The Diving Bell and the Butterfly

42-year old Jean-Dominique Bauby (Mathieu Amalric) lives a life of wealth and excess, flitting between his three young children, a successful career as editor of Elle magazine and the bevy of beauties ready to satisfy his every need. But one day, on a drive with his eldest son, Jean-Do suffers a stroke and becomes a victim of ‘Locked-In Syndrome’, an extremely rare condition leaving him fully conscious but completely paralysed, except for blinking his left eyelid.
Beginning with the blurry, distorted hospital room swimming into focus, much of the film is shot from Bauby’s perspective, including the harrowing experience of having his right eyelid sewn up, seen from the inside. Amalric’s narration is wonderful, encapsulating the frustration of a man used to extreme independence, who now cannot wash, communicate or even move without another’s assistance, and praise must also be given to the supporting cast of implausibly attractive therapists and assistants tasked with acting to a camera for a lot of the film, and Max Von Sydow as Bauby’s elderly, apartment-bound father.
A story of triumph over intense adversary that does well not to dwell on the depressing, director Julian Schnabel amazingly mines humourous streaks – the agony of an immovable fly on the nose – whilst also celebrating the wonders of perseverance, memory and imagination.
Choose film 8/10

War Horse

Went to see War Horse last night, and to be honest I wasn’t expecting that much, a kind of Au Hasard Balthazar combined with a WWI Band of Brothers, following the exploits of a boy and his horse as they navigate the major events of the first world war trying to find one another. But what I found was an uplifting, beautifully shot old fashioned film that was far more entertaining than I could have hoped.
Though at times the plot gave way for nosebags of sentimentality (this is a Spielberg film, after all), and few of the characters are onscreen enough to leave a resounding impression, though their parts of the story are some of the most touching (hello, Tom Hiddleston, Benedict Cumberbatch, Toby Kebbell and Eddie Marsan) every second of footage used is shot so perfectly, by Spielberg’s regular director of photography Janusz Kamisnki, who will surely receive an Oscar nod, if not a statue. The most beautiful moments are those in a far from beautiful setting, with Joey, the horse, jumping over and through trenches on No Man’s Land, only to be ensnared in barbed wire, or a sunset-backlit ride up a distant hill, and the sheer scale of some scenes, with hundreds of extras running from trenches or preparing for war. John Williams’ sweeping score is good but forgettable, and this is hardly one of Spielberg’s best (it isn’t quite the Saving Private Equine I was hoping for), with perhaps not quite enough time focussed on those fighting the war (it’s a good 45 minutes or so before the horse and boy, played by OK newcomer Jeremy Irvine, are separated), this is still a very entertaining watch. I think it’s better if you don’t really care about horses, as I enjoyed it immensely, but my horse-obsessed girlfriend spent at least a quarter of the two and a half hour run time watching through her fingers, so desperate was she not to see anything bad happen to a horse. It’s also remarkable that they made a film whose central character is a horse, yet at no point did I think it would be better if the horse could talk, or had an internal dialogue, even when he makes friends with another horse.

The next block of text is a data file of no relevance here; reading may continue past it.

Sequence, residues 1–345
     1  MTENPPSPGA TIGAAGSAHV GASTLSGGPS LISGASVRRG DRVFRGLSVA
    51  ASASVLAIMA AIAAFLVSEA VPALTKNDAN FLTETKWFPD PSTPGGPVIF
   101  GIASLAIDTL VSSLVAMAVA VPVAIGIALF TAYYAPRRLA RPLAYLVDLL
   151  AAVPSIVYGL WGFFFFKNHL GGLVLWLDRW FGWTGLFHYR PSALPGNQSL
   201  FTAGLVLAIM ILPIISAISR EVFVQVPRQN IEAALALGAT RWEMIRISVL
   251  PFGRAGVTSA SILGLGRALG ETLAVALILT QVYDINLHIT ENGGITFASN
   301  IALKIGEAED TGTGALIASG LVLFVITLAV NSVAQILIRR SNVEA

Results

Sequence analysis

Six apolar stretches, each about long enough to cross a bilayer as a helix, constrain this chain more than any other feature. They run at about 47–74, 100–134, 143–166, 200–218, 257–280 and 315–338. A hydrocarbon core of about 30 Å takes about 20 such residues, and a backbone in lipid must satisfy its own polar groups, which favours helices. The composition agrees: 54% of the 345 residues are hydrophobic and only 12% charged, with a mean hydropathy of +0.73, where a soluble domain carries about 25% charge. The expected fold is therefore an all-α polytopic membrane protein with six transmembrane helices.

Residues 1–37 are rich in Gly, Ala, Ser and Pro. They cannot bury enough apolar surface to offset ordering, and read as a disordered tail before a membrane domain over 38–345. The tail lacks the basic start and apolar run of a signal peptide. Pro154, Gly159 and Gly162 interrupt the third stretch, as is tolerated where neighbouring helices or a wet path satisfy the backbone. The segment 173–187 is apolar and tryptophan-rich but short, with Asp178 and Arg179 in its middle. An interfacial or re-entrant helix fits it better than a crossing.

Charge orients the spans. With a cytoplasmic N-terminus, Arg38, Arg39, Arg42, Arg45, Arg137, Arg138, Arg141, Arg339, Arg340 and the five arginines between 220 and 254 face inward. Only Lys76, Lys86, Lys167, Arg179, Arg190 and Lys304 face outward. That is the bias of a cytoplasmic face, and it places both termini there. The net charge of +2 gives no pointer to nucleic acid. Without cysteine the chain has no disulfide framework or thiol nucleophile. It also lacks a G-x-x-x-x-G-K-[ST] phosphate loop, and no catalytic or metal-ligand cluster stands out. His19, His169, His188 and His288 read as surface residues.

Choose film 7/10